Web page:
Delegating Directors Duties and Powers of Attorney
You’re a company director but need to go away for a couple of weeks when a board meeting is due.
What do you do? Sign a power of attorney, fail to turn up?
Either of these could cause some serious problems for the director and the company itself – particularly if it means decisions and meetings are later found to be invalid. A director’s appointment is personal and his or her functions as a member of the board can only be discharged by the person holding that office – not an attorney. Accordingly the directors powers and general duties cannot be delegated unless there is a specific power in the company’s rules or constitution to either appoint an attorney or an alternate director.
If a director is aware they will not be capable of conduct during any given period, the best way to address this is by the appointment of an alternate director who can act on the director’s behalf in their absence. Again this can only be done if the company’s constitution allows for this. Even if this is allowed other steps will need to be taken to ensure the Corporations legislation is complied with
Comparison of Risk
As an attorney effectively acts as the principal’s agent the director will remain liable for the attorney’s actions which may not be an ideal situation for the existing director. An alternate director however shall typically be deemed to be a director and shall alone be responsible for their own actions.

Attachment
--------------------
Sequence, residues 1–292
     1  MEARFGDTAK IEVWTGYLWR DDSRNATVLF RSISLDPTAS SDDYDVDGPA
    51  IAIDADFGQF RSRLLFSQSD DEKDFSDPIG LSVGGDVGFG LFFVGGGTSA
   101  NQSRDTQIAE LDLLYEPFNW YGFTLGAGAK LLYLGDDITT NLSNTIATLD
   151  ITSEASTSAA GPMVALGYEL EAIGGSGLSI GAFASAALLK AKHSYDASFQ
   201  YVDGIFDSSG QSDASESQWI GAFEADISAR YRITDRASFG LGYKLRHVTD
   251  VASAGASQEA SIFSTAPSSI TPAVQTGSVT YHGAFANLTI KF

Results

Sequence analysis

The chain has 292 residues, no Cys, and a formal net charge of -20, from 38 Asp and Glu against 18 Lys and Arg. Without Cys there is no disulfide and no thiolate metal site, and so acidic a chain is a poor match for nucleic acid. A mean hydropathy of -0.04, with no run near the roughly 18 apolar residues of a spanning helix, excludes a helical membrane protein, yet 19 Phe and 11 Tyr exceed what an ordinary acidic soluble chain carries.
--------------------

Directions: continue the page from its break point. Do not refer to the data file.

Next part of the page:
Unlike an attorney acting under a power of attorney an alternate director will incur personal responsibility. Further, as the alternate director is treated for all purposes as a director their appointment will need to be registered with the ASIC.
There are a number of distinctions to this general principal to keep in mind however including:
the appointment of an attorney by a director is distinct from the company appointing an attorney to carry out tasks for and on behalf of the company in the company’s name. The latter is more commonplace and can be very useful for the administration and general conduct of the company’s affairs.
A director may grant a power of attorney to execute specific documents on their behalf in their personal capacity. This may sound like the delegation of the directors personal duties which must be discharged by the director alone however it is quite different. As an example directors are required to take responsibility for the accuracy of documents submitted to the ASIC. It’s common for each of the directors to appoint an attorney (usually one director) to sign on behalf of each of the other directors. If the power being exercised is not the responsibility of the board, but is rather a personal responsibility of an individual director: the attorney will not be acting on behalf of the director in their capacity as a director, but as agent for the director in the director’s personal capacity.)
If you have any concerns in this area you should consult a solicitor to make sure a proper system is in place during a director’s absence.